Commander Sergei Ryzhikov guides Soyuz MS-02 towards its docking location at the space-facing (or “zenith”) interface of the Poisk module on Friday, 21 October 2016. Photo Credit: NASA
After almost seven weeks with a reduced crew of three, the International Space Station (ISS) was restored to its full six-person capability earlier today (Friday), with the smooth docking of Soyuz MS-02. Commanded by first-time cosmonaut Sergei Ryzhikov, and flanked by veteran spacefarers Andrei Borisenko and Shane Kimbrough, the Soyuz—which had completed a longer-than-normal two-day rendezvous profile, lasting 34 orbits—docked successfully at the station’s space-facing (or “zenith”) Poisk module at 5:52 a.m. EDT. Following customary pressurization and leak checks, the hatches into the ISS were opened at 8:20 a.m. EDT and the new arrivals were greeted by the incumbent Expedition 49 crew of Anatoli Ivanishin, Kate Rubins and Takuya Onishi.
Continue reading Soyuz Docking Restores Space Station to Full Crew Strength
Long exposure of Antares blasting off from Wallops Island carrying the OA-5 mission. Photo Credit: Cole Ippoliti / AmericaSpace
On Monday night, Orbital ATK’s Antares rocket blasted off from Wallops Island, Virginia for the first time in nearly two years since the Orb-3 launch accident. It marked the inaugural launch of the company’s new upgraded version of the rocket as well as its first night launch. Tens of thousands flocked to the Virginia shore to get a glimpse of Antares lighting up the night sky. Antares is the largest launch vehicle based out of Wallops and under clear conditions, is visible in the night sky for hundreds of miles up and down the U.S. east coast.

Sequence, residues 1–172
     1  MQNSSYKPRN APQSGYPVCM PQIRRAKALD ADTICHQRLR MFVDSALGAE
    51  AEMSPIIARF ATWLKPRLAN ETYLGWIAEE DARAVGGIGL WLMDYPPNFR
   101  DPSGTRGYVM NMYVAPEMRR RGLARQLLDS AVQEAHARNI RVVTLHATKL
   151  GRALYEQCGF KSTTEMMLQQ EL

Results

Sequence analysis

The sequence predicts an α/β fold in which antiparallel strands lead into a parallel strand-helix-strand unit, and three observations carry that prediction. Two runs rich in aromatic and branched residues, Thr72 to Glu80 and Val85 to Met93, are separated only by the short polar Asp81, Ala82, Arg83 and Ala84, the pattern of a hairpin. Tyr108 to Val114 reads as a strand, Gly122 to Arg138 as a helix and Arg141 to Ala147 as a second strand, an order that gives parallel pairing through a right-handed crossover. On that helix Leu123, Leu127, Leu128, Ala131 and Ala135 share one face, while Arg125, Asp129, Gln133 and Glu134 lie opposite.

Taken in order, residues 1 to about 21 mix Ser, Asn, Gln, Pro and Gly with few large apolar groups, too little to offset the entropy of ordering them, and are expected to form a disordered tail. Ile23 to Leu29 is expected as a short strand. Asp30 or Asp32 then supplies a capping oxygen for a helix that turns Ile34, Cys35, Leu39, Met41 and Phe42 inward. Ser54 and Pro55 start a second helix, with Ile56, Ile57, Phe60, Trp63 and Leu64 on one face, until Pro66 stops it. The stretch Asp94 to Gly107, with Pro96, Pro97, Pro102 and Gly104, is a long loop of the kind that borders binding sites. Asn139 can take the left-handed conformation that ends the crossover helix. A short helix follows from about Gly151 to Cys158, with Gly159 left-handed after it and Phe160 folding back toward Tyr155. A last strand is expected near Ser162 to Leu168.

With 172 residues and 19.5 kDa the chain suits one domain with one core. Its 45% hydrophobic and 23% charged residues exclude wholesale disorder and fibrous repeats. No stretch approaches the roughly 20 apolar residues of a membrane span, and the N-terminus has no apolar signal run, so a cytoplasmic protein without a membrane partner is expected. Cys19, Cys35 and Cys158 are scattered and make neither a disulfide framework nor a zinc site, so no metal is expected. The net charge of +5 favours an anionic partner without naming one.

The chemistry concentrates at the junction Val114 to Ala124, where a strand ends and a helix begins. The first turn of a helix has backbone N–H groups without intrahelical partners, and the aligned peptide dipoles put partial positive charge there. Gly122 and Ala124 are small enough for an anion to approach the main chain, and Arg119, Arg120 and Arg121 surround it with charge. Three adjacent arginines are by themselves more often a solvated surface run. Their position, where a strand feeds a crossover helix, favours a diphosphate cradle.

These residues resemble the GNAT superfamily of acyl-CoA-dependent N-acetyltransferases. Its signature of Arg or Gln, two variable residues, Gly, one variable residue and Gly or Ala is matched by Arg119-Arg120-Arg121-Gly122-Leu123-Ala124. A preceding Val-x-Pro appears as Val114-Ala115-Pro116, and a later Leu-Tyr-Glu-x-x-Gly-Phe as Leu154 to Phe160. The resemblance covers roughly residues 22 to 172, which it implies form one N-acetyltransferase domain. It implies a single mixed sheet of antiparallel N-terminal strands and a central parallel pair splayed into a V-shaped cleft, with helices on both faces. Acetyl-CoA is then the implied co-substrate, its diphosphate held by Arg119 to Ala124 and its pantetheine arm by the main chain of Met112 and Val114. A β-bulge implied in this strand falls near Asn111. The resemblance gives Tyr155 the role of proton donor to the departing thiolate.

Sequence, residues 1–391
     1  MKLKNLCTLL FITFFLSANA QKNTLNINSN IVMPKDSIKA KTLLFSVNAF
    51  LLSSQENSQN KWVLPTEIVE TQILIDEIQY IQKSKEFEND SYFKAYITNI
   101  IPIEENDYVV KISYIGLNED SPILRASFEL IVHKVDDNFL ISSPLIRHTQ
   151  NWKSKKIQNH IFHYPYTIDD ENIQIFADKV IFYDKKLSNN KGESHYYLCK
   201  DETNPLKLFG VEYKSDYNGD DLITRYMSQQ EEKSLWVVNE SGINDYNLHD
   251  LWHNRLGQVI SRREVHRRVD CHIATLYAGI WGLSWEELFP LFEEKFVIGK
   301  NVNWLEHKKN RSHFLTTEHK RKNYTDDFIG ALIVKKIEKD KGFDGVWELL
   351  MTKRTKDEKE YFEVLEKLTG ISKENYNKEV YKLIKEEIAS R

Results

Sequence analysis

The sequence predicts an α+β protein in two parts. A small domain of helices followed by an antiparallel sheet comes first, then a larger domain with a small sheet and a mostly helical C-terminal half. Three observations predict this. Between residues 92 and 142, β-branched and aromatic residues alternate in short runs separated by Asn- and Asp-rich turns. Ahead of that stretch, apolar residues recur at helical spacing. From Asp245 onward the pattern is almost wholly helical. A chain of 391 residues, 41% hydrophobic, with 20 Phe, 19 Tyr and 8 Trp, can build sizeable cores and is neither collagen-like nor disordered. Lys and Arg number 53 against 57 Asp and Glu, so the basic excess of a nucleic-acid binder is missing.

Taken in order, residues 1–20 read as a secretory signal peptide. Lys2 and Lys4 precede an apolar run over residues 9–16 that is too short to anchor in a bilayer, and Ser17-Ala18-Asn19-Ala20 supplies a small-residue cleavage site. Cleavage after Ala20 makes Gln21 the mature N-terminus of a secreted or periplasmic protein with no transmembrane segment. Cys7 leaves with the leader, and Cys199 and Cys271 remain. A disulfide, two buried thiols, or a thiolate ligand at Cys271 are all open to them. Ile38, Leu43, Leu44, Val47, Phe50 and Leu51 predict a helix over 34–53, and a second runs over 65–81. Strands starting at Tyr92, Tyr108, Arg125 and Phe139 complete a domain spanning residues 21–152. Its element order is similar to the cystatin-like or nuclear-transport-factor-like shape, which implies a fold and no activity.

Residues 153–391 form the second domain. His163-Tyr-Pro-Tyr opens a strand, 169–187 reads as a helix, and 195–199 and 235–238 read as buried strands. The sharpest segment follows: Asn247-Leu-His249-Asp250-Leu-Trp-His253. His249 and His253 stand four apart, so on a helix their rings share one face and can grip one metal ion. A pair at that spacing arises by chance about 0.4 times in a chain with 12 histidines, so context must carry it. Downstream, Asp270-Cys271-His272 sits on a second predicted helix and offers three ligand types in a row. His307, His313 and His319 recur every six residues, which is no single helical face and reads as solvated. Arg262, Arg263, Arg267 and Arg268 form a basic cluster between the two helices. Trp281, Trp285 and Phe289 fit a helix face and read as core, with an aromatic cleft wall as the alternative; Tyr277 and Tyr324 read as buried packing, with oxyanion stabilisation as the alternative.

Continue reading Through the Lens: Antares Returns to Flight on OA-5 Mission for NASA
Soyuz MS-02 roars into the chilly Baikonur sky at 2:05 p.m. local time (4:05 a.m. EDT) on Wednesday, 19 October 2016. Photo Credit: NASA
A new crew is heading for the International Space Station (ISS), with Soyuz MS-02 having launched from the infrequently-used Site 31 at the Baikonur Cosmodrome in Kazakhstan at 2:05 p.m. local time (4:05 a.m. EDT) Wednesday, 19 October. Russian cosmonauts Sergei Ryzhikov and Andrei Borisenko, together with NASA astronaut Shane Kimbrough, will follow a longer-than-standard rendezvous profile and are presently slated to dock at the space-facing (or “zenith”) Poisk module of the International Space Station (ISS) on Friday morning. Initially forming the second half of Expedition 49, led by Russian cosmonaut Anatoli Ivanishin, the crew will rotate into the core of Expedition 50, under Kimbrough’s command, from late October.
Continue reading 50th Long-Duration Crew Launches to Space Station
The Soyuz MS-02 crew (from left) consists of NASA astronaut Shane Kimbrough and Russian cosmonauts Sergei Ryzhikov and Andrei Borisenko. Photo Credit: NASA
Six weeks since the safe return of the Expedition 48 core crew, their backups—Russian cosmonauts Sergei Ryzhikov and Andrei Borisenko, together with NASA astronaut Shane Kimbrough—are destined to launch from Baikonur Cosmodrome in Kazakhstan on Wednesday, 19 October, bound for a four-month increment aboard the International Space Station (ISS). The trio are set to rise from the infrequently-used Site 31 at the Central Asian spaceport at 2:05 p.m. local time (4:05 a.m. EDT) aboard the Soyuz MS-02 spacecraft and will dock at the station’s space-facing (or “zenith”) Poisk module on Friday.